Bitzinger Würstelstand Albertina - As the name suggests, it's located right next to the museum. It's a simple sausage stand, but so much better! Often with a fast-moving long line, it's open late and is the ultimate on-the-go meal. We highly recommend the Käsekrainer - a delicious sausage made with cheese that's an Austrian specialty.
Places to eat & drink in Amsterdam
Café Restaurant Amsterdam - Located only a block from the picturesque and lively Westerpark, this brasserie has been a local favorite for more than 25 years. There's truly something for everyone, with a huge menu that covers everything from sandwiches, pastas, and steaks, to seafood platters and tempting desserts.
Café De Klepel - Only a 10-minute walk over lovely canals from our recommended hotel, Kimpton De Witt, Café De Klepel has often been described as a "go-to French bistro". Mostly a dinner spot, with lunch offered on Fridays, the wine is front and center and the food is excellent. Make sure you reserve in advance, as the room is intimate and tables go quickly.
Places to eat & drink in Berlin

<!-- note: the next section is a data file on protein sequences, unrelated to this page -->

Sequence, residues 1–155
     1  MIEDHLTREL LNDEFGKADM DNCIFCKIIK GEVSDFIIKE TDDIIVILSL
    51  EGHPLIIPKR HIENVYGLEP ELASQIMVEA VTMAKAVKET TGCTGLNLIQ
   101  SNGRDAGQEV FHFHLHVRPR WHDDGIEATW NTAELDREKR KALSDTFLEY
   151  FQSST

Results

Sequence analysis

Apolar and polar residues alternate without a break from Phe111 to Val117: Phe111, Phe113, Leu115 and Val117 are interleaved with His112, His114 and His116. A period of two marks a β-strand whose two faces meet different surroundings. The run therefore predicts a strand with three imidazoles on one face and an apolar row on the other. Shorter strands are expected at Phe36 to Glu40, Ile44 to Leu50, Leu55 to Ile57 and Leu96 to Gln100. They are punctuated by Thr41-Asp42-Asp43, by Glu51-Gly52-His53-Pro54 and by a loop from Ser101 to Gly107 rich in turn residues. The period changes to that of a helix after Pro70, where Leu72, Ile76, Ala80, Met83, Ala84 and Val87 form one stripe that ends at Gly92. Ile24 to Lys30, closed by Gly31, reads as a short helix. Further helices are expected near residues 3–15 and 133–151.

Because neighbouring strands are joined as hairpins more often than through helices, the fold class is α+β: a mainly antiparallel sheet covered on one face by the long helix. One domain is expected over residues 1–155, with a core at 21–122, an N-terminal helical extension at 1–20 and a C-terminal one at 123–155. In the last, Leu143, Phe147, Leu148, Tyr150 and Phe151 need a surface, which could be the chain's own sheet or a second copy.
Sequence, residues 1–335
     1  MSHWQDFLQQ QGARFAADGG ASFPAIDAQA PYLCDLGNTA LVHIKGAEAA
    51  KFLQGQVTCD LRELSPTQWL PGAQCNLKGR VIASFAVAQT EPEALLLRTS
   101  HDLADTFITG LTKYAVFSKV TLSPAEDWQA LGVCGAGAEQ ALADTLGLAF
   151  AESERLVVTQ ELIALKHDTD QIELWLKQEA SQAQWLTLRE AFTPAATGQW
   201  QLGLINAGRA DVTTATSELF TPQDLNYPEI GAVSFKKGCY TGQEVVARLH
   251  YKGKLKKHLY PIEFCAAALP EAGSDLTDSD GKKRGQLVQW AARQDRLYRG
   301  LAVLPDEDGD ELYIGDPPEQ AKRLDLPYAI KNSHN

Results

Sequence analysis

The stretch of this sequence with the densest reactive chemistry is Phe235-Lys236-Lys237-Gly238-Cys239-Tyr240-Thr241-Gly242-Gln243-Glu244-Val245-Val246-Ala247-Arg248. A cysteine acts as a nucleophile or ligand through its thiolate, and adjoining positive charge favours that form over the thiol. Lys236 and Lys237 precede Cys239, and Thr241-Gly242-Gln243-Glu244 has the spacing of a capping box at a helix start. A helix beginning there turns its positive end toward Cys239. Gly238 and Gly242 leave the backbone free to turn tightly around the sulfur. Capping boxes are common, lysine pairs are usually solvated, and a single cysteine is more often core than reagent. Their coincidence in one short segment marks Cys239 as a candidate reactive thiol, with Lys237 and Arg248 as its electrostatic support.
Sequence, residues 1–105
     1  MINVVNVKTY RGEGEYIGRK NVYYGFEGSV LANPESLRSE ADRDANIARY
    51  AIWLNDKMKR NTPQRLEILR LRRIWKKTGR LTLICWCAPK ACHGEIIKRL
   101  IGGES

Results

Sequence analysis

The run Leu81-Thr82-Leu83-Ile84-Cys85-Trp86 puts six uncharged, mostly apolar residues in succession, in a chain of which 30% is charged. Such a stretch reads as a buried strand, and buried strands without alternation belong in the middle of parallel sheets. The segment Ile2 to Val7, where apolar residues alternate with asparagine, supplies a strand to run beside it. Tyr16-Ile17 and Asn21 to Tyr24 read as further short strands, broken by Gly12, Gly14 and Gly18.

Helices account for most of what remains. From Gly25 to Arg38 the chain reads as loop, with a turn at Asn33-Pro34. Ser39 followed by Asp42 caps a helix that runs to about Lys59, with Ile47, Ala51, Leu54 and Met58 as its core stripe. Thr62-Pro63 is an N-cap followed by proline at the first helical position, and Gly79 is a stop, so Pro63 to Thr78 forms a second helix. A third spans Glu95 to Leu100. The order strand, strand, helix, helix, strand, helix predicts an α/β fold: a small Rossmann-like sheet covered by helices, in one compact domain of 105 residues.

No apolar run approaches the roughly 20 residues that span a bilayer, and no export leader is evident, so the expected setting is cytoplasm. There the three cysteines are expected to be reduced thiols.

Alt Berliner Wirtshaus Henne - It's not every day you can dine at a restaurant that only serves one main course: a fried half chicken. They do it so well they've served it up since 1908. There's a beer garden along with the traditional indoor space, and you can dig into your chicken with a variety of sides like potato salad or various sausage choices.
Wen Cheng Hand Pulled Noodles - During the past few years, Berlin has seen quite a few excellent Asian restaurants pop-up. Wen Cheng is one of the best. Specializing in "Biang Biang Noodles" originating in Shanxi Provence, China, this hot spot will give you a chance to try the dish known for its soy and chili-based flavors. The noodles are long, thick and can be served with beef, lamb, tofu or eggplant. About a 15-minute walk from Alexanderplatz.
Need to Know
For more travel tips, check out The Best of Visiting Vienna, Austria.
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This guide is part of our ongoing series on travel to Europe.